It is strange that it worries a man’s legs so much less to stand in front of a bar than it does to stand by a work bench.
The Tuskaloosa Gazette says: We learn from the Times that two more papers are to be started in Tuskaloosa this fall! “Bring in another h-o-o-r-s-e! If you can’t bring horse, fetch a mu-e-l.”(sic)
The first bale of new cotton was shipped to Mobile August 4, from Wilcox County, this state.
The East window of our sanctum is embellished with a box of flowers which we received on our trip to Pickens County. We shall tend and cherish them in sweet memory of the fair donor, MISS ELLOW DORROH.
Parker’s Santonine Worm Lozenges – the Best, Purest, and safest Worm medicine in the word, at W. L. MORTON & BRO. Buy none but Parker’s Lozenges. Children love them, and cry for them.
A negro jumped from the train near Blount Springs, the other day and was instantly killed.
LITTLE ROCK, ARK., JULY 27 ROBT. W. JOHNSON, representative from Arkansas from 1847 to 1853, and Senator in Congress from that time to 1861 died at 11:30 last night at his residence in this city, after an illness of two weeks. Prior to the war he was a man of unparalleled popularity in Arkansas. Through his personal influence a grant of lands in aid of building the Cairo and Fulton, and Memphis and Little Rock, and Fort Smith Railroads, was passed in Congress.
W. M. PATTERSON shot and killed FOSTER SKRUGGS at Elkton, recently.
The Confederate monument to be erected in Tuskaloosa will be 25 feet high.
The State and Grange Fair will be held in Montgomery on the 10th of Nov.
Walker County has only one drinking saloon. They use it by the wholesale up there.
PROF. H. S. WHITFIELD will take charge of the Carrollton Male and Female Academy.
ADMINISTRATOR’S SALE By virtue of an order of the Probate Court of Lamar County, Alabama, I will offer for sale, on a credit until the 1st day f January 1880, at the late residence of JOHN SPROUSE, deceased, on the 6th day of September next, the following lands to wit: 46 2/3 acres in N E ¼ of N W. ¼ and N W ¼ of N E ¼ Sec. 23, and 53 1/3 acres in S ½ of S W ¼ and W ½ of W ½ of S E ¼ Sec. 14, T 16, R 16, as belonging to the estate of said JOHN SPROUSE deceased. The purchaser will be required to give note and good security for the purchase money. - GEORGE S. EARNEST, Admr. of estate of said JOHN SPROUSE, dec.
TUSKALOOSA FEMALE COLLEGE ALONZO HILL, A. M. President This Institution offers first-class facilities for the education of young ladies. Professional teachers in every department. Terms moderate. Correspondence solicited. For catalogues apply to the President at Tuskaloosa, Ala.
ADVERTISEMENT Go to W. L. MORTON & BRO. for Cuban Chill Tonic, the Great West Indies Fever and Ague Remedy, a great remedy from Cuba, guaranteed to cure Chills and Fevers, Biliousness and Liver Complaint, every time. Try it. Cheap and safe – the best Medicine in the world.
ADVERTISEMENT LOUIS ROY is selling more goods than any house in Aberdeen, he can on the account sell ten percent cheaper than any other house in the place.
NOTICE The following is a list of the Grand and Petit Jurors, for the Fall Term 1879 of the Circuit Court of Lamar County: GRAND JURORS W. T. MARLER, W. A. TURNER, ELISHA ROBERTSON, WATSON BROWN, M. L. DAVIS, W. M. STONE, T. L. CREW, MILTON BLOODWORTH, B. M. MOLLOY, S. G. YOUNG, B. L. FALKNER, M. A. TAGGART, MM. MCCULLOUGH, J. H. COOPER, H. W. MILLER.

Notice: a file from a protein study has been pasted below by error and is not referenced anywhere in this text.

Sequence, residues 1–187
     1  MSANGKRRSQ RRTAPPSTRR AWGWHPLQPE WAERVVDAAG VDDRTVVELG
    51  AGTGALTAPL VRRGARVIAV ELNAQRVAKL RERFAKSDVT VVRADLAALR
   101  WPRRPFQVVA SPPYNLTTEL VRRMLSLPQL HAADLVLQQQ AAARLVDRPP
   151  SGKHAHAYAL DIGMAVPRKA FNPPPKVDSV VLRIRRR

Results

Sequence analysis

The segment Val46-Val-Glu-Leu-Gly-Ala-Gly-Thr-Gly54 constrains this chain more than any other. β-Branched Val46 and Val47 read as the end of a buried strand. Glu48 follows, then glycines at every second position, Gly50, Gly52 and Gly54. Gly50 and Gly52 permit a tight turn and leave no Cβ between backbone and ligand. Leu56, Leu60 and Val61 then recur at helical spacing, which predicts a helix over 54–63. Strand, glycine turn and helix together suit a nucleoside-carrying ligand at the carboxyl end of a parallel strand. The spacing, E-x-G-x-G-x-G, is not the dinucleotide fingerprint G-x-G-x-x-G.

PETIT JURY NO. 1 L. M. WOFFORD, JONATHAN HOLLIS, W. L. PERKINS, J. F. COLLINS, MORDIS TRIM, ROBERT WILSON, W. M. MOLLOY, G. W. WESTBROOKS, G. W. METCALFE, H. C. HARRIS, G. R. TURMAN, G. E. BANKHEAD.
PETIT JURY NO. 2 JNO. T. HILL, A. L. BOX, NAPOLEAN JORDAN, G. R. LOFTIS, T. F. SAVAGE, J. W. MCCOLLOUGH, B. F. REED, W. M. MOORES, ALREAD BLAKENEY, BLUFORD MCDANIEL, D. A. SMITH, R. C. STACY. - ALEX COBB, J. P. - D. J. LACY, Sheriff - W. G. MIDDLETON, C. C. C.
NOTICE FOR PUBLICATION LAND OFFICE AT HUNTSVILLE, ALA. July 16th, 1879 Notice is hereby given that the following named settler has filed notice of his intention to make final proof in support of his claim, and secure final entry thereof at the expiration of thirty days from the date of this notice, viz: JESSE M. STANFORD for the E ½ SW ¼ and NW ¼ SE ½ Sec 25 T 13 R 15 W, and names the following as his witnesses, viz: JOHN B. TAYLOR, of Lamar county, and JOHN T. NOLEN of Lamar County. JOHN M. CROSS, Register.
NOTICE – SHERIFF’S SALE By virtue of an order of sale issued by W. G. MIDDLETON, Clerk of Circuit Court of Lamar County, Ala., to me directed, which execution is in favor of LEVI NORTHINGTON, and against J. M. RAY and others. I will offer for sale for cash at the Court House door of said county on the first Monday in September next, it being the first day of said month, the following real estate to wit: S ½ of N E ¼ & N E ¼ of NE ¼ Sec 35, and W ½ of SW ¼ Sec 36, T 12 R 16, levied on as the property of G. J. NICHOLS, also the W ½ of SW ¼ Sec 13 NE ¼ of NE ¼ Sec 13, and E ½ of SE ¼ Sec 21, NE ½ of NE ¼ Sec 28, T13 R 16, levied on as the property of W. T. EVANS, and will be sold to satisfy said execution in my hands. Sale within the usual hours. This the 1st day of August, 1879. - D. J. LACY, Sheriff
ARRIVAL AND DEPARTURE OF U. S. MAILS The Columbus Mail by way of Caledonia arrives Tuesday, Thursday, and Saturdays at 11 o’clock a.m. Leave same days at 1 p.m. FAYETTE MAIL Arrived on Wednesday and Saturday at 12 p.m. and leaves same days at 1 p.m. MOUNT CALM MAIL Leaves Wednesday at 7 a.m. arrives Thursday at 2 p.m. PIKEVILLE MAIL Arrives Fridays at 6 p.m., leaves Saturdays at 6 a.m. SCHEDULE OF MOBILE & OHIO R. R. Train leaves 6:30 am Train arrives 9:30 am Train leaves 3:20 pm Train arrives 6:30 pm Train goes through to Starkville on Mondays, Wednesdays, and Saturdays. Leaves Aberdeen going South at 4 o’clock p.m., returns at 8 p.m. Leaves Aberdeen going North at 7 o’clock a.m., return at 11 o’clock a.m.